Mercy Hospital sale approved; deal may keep hospital open
Southside Chicago’s Mercy Hospital and Medical Center’s sale to Insight Chicago has been approved by state regulators. The sale may keep the city’s oldest hospital from closing in the coming months.
Trinity Health agreed to sell the hospital to Insight Chicago, which is part of a larger Michigan based non-profit, for $1 earlier this month. Illinois Health Facilities and Services Review Board voted to approve the sale on Monday, opening the door for Insight to take over the hospital.
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Trinity had been attempting to close the hospital for months, citing the hospitals financial struggles in recent years. In December, their attempt to close the hospital entirely was denied by the state board. In February, Trinity filed the hospital for bankruptcy and set a closure date of May 31.
David Southwell, the chair of Trinity Health’s board, said in the bankruptcy filing in February:
“The quality of care at Mercy is an increasing concern as physicians and other colleagues have left Mercy and operating losses have accelerated to $7 million per month.”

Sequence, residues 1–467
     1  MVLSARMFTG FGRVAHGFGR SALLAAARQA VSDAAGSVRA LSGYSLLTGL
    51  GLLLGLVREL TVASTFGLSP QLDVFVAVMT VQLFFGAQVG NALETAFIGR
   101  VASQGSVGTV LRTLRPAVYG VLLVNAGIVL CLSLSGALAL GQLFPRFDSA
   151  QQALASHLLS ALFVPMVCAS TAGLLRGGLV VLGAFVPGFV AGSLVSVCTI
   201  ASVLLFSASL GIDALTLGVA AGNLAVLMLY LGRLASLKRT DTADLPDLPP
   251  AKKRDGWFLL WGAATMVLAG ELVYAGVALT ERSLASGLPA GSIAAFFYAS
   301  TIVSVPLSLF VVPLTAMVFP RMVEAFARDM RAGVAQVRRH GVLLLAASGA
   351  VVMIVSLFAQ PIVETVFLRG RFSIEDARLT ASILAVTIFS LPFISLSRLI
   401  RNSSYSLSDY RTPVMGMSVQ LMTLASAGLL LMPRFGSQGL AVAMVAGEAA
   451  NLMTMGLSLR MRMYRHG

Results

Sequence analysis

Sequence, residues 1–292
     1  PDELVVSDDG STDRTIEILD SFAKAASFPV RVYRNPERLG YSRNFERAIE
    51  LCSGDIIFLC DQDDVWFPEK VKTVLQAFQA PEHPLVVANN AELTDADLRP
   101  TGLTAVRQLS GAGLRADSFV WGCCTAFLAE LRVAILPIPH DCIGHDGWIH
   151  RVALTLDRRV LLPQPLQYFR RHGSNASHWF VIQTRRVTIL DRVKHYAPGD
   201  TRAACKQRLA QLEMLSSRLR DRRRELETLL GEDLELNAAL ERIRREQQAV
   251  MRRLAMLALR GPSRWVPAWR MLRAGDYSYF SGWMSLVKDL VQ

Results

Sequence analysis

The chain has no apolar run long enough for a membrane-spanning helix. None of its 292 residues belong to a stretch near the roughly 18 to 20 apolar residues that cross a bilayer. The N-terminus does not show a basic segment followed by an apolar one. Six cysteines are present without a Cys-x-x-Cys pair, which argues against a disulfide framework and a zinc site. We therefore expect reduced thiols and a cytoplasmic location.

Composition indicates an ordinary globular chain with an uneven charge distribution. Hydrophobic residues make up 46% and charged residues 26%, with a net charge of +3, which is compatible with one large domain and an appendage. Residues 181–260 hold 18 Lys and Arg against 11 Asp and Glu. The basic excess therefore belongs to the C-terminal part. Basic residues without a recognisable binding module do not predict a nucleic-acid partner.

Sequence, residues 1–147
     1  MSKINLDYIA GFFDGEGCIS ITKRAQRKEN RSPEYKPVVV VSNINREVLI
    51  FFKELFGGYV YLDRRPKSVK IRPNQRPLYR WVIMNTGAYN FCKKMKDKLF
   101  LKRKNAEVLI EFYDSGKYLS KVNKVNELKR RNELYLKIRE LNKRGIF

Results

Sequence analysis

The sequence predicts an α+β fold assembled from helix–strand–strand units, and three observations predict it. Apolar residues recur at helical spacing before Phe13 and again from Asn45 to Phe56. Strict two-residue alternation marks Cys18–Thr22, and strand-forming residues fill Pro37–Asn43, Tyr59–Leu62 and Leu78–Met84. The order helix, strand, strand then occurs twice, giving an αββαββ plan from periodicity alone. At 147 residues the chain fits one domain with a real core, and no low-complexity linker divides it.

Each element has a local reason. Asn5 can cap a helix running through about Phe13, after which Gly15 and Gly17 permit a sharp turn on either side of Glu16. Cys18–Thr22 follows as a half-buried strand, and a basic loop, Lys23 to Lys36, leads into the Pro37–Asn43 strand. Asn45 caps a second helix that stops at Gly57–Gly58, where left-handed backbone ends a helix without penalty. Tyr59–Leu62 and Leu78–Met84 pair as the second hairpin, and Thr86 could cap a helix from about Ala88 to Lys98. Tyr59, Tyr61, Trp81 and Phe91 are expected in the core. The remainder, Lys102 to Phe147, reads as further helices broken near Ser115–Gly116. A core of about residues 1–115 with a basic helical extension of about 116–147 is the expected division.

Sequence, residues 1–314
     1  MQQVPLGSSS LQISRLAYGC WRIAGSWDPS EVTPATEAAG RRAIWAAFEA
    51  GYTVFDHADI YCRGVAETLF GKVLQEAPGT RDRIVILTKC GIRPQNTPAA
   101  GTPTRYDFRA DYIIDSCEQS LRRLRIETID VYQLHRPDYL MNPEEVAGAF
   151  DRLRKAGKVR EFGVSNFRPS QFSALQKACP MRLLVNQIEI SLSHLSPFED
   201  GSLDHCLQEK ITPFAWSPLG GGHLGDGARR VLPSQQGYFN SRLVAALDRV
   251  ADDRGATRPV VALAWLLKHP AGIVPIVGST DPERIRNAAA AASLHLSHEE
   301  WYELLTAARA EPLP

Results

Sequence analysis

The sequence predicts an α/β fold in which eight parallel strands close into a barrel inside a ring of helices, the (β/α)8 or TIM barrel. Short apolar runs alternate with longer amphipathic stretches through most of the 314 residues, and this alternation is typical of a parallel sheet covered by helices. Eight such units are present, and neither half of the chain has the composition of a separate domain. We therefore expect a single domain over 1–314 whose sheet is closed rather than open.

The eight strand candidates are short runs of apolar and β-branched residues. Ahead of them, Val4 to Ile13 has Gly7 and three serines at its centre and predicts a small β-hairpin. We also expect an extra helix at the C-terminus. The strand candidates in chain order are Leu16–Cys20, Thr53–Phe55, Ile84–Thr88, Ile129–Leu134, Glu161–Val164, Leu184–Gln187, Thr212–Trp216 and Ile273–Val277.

Insight will now be responsible for managing the hospital and the costs associated with it.
Some fear that if the hospital were to close then parts of Chicago’s southside community would no longer have an easily accessible hospital. Not having a local emergency room or maternal ward can lead to negative health outcomes as longer travel times delay urgent care for those in need.
Last week, a group of leaders in Chicago asked for the state of Illinois to purchase to hospital instead of Insight. The office of Gov. J.B. Pritzker replied, saying the state had no legal authority to buy the hospital if Insight’s purchase was approved. They also said the state did not have a capacity necessary to run a hospital of that size.
Mercy was founded in 1852. Over 65,000 patients are treated at their seven facilities every year.